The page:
Qiu Anxiong: Animated Narratives

Exhibition open from Sat Oct 15 2011 to Mon Feb 06 2012

Qiu-Anxiong-5

This exhibition of work by emerging Shanghai-based artist Qiu Anxiong includes paintings and video art. Qiu’s unique videos are created by a stop-motion animation technique from images of his paintings. Together the paintings and videos in this exhibition offer insight into Qiu’s process: how he creates an image in paint, how it evolves and is recorded, and its final result in video as part of an ever-changing series of images. The result is hauntingly beautiful moving images that range from mythical stories to urban transformation.

“These days, most people consider new and old to be mutually exclusive concepts. The new is completely novel; the old, totally outdated….No one has really thought deeply enough about the intimate relationship between the new and the old. Most people in China automatically equate new with all things Western.” 

Although the paintings are acrylic on canvas, they appear at first glance to be ink paintings. The landscape images in particular refer to traditional Chinese landscape scroll paintings, with their craggy mountains and still lakes. In some of his videos, Qiu shows the transformation of an idyllic natural landscape to one that is polluted, industrialized, and urban.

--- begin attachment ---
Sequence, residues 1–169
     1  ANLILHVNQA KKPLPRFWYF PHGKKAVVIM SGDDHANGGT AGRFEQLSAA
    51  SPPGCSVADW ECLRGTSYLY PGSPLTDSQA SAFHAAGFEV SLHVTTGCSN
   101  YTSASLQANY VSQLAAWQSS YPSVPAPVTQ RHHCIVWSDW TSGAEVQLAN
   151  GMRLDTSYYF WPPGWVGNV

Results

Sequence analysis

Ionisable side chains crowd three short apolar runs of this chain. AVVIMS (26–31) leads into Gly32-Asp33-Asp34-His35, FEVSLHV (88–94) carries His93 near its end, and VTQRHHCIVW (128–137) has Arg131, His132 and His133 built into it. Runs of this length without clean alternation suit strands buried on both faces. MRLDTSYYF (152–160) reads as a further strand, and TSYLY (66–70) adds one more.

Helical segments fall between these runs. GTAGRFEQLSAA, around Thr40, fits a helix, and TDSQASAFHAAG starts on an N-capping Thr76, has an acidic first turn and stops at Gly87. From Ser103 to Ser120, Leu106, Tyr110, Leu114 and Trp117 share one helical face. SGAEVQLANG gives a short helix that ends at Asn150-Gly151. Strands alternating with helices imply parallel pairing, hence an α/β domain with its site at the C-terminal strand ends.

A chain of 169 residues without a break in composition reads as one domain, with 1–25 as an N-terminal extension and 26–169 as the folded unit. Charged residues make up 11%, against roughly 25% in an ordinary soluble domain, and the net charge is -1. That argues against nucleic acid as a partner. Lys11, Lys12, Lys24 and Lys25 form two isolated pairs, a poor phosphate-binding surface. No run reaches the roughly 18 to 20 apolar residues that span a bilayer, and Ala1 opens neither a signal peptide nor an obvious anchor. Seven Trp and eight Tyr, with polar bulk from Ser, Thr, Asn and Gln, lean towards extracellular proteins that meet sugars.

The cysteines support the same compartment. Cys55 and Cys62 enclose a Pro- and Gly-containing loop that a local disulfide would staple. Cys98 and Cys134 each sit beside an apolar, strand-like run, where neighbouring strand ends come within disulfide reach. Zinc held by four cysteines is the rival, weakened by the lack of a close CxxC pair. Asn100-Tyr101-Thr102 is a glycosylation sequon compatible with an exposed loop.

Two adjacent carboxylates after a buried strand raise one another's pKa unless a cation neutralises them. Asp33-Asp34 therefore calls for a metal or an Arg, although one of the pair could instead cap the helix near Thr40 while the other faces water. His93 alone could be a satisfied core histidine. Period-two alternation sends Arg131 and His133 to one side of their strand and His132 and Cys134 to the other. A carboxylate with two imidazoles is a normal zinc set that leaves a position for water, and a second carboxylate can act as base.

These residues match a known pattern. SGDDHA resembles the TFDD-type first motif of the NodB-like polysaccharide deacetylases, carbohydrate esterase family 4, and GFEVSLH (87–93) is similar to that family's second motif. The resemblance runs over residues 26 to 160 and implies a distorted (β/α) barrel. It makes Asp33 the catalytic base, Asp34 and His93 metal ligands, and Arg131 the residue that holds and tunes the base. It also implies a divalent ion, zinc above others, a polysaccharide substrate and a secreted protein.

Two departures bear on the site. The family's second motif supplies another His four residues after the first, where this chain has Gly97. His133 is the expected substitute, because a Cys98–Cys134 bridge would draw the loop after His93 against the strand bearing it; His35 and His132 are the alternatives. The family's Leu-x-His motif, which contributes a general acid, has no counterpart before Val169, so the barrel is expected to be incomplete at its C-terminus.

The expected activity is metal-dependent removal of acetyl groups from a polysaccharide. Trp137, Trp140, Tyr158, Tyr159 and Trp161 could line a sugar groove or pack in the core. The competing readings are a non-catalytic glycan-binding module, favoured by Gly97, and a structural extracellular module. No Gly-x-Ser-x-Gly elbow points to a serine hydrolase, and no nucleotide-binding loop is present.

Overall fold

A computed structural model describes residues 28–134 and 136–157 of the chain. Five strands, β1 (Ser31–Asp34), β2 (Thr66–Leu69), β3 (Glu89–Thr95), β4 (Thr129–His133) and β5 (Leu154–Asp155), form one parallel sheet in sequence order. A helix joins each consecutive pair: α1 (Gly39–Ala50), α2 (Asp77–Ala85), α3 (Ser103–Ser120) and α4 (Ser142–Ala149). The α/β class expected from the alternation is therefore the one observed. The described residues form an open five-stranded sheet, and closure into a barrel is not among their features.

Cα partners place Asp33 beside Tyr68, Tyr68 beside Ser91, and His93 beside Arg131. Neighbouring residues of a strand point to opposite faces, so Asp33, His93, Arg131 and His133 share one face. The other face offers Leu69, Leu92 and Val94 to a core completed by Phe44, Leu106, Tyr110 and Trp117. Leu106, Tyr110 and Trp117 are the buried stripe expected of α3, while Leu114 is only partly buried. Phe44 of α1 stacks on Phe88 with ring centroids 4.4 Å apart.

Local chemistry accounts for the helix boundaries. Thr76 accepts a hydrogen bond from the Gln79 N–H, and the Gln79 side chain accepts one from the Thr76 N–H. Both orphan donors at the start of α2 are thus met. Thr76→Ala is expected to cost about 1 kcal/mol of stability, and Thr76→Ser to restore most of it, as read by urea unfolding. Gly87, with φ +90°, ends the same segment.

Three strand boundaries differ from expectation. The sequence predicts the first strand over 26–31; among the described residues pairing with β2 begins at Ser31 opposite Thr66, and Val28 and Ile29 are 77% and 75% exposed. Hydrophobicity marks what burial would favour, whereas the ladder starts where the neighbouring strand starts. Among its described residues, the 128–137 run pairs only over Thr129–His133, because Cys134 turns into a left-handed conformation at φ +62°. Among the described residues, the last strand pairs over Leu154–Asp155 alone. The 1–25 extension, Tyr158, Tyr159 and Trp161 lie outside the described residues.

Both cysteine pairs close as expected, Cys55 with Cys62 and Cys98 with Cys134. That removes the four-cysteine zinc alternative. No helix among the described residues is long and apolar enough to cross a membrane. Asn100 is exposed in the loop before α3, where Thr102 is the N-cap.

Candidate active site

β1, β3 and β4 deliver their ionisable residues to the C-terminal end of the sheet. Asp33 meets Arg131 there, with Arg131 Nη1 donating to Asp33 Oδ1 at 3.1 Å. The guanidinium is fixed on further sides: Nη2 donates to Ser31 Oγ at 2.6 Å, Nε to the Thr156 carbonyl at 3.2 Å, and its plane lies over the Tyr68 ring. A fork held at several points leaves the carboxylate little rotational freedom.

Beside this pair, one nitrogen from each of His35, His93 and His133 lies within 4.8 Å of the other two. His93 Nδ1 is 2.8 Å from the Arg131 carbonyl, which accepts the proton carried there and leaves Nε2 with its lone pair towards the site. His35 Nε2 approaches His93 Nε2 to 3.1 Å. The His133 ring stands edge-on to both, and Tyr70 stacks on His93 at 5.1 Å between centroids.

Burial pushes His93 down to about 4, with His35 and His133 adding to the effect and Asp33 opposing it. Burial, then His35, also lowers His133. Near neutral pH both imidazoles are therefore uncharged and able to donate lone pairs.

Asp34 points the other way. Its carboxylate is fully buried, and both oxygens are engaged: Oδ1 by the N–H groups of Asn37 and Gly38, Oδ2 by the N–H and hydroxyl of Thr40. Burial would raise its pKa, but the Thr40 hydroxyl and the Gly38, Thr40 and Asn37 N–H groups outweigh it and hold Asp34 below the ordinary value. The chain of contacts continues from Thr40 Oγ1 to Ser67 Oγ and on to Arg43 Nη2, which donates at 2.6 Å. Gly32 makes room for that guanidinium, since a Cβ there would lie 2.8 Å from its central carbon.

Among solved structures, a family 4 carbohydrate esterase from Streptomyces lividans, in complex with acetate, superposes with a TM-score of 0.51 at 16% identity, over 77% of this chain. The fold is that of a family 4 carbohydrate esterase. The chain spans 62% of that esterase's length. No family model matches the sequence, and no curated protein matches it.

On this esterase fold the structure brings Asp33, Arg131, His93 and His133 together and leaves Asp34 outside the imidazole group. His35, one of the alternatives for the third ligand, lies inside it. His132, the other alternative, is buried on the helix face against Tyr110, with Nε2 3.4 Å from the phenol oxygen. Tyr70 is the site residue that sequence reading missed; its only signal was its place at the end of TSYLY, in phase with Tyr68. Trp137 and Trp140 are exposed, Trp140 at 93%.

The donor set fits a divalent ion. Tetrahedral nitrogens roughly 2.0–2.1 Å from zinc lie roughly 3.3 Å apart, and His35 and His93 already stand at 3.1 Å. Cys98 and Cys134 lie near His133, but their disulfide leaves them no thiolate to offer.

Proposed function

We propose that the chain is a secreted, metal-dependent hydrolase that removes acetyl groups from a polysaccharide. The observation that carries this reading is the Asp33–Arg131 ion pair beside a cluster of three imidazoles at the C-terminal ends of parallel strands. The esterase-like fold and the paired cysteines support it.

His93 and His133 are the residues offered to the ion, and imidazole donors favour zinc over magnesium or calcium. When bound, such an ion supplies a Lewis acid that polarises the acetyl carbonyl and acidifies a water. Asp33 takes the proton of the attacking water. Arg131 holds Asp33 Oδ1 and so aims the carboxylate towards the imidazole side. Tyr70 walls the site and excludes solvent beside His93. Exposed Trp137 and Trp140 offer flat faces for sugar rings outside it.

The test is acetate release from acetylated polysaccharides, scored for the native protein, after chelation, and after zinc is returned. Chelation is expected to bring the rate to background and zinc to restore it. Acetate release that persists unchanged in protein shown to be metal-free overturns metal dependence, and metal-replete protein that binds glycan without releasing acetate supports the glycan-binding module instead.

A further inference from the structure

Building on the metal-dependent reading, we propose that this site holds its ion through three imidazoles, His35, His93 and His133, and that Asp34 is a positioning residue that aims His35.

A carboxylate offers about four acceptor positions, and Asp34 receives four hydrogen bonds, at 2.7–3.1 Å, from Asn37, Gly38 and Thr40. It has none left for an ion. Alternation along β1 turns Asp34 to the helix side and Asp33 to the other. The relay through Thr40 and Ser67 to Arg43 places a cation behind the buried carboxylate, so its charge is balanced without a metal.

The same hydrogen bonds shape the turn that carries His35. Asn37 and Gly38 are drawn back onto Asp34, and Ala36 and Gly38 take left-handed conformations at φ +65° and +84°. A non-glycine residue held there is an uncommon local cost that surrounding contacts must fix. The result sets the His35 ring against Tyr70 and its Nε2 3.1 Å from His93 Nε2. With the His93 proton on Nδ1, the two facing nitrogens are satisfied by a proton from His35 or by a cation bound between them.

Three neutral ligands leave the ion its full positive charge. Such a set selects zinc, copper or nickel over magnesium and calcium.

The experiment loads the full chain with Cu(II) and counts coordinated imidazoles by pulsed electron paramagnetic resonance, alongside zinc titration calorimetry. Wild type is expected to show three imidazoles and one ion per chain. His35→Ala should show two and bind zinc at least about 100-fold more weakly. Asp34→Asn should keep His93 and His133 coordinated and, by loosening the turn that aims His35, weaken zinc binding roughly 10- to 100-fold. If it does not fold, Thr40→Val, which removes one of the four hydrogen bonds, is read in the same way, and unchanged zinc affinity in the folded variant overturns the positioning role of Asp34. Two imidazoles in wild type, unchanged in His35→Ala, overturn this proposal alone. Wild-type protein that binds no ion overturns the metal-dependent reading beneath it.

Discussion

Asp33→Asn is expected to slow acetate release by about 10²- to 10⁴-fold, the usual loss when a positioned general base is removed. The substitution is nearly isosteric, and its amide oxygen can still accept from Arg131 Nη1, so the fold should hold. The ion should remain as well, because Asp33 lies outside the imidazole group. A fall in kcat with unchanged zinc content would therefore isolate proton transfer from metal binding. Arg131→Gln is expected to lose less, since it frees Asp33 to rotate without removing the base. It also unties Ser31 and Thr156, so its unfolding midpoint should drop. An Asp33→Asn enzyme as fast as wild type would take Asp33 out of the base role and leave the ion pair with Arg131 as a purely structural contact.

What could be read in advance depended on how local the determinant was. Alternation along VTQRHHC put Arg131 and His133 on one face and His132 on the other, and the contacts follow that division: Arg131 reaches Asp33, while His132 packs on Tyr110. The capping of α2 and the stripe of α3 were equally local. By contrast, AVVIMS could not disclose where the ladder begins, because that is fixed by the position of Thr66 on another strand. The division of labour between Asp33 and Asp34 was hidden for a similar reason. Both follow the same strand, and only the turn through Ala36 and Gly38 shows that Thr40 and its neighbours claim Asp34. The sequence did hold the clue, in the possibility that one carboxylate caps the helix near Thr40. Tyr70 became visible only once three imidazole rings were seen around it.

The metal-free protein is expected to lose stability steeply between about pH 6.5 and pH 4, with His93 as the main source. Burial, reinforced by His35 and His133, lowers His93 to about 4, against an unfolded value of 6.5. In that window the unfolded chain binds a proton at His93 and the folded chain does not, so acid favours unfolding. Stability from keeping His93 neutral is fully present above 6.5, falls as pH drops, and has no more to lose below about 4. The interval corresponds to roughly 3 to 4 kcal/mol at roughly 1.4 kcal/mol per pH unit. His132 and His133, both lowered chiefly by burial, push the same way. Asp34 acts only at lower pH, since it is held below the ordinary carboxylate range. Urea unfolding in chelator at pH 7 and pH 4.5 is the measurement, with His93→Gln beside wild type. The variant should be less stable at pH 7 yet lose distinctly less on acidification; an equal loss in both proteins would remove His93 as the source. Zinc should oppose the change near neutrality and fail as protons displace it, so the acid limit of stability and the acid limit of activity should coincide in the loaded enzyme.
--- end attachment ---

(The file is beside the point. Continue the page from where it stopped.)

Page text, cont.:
Qiu came to international prominence when his work was shown in the 2006 Shanghai Biennial. With a video titled New book of the Mountains and Seas, 2006, he was able to capture an approach to tradition in China at a time when few artists were considering the subject. He writes: “These days, most people consider new and old to be mutually exclusive concepts. The new is completely novel; the old, totally outdated….No one has really thought deeply enough about the intimate relationship between the new and the old. Most people in China automatically equate new with all things Western.”  One can argue that Qiu’s art, through both his chosen medium and subjects, sets out to question prevailing assumptions about tradition and change in Chinese society.

Qiu Anxiong was born in 1976 in Sichuan Province, where he studied at the Sichuan Art Academy until 1994. After completing further study in Kassel, Germany, he returned to China to settle in Shanghai. He has shown his work internationally, including in contemporary art biennials in Sydney, Thessaloniki, Seoul, Sáo Paulo, Busan, and Nanjing.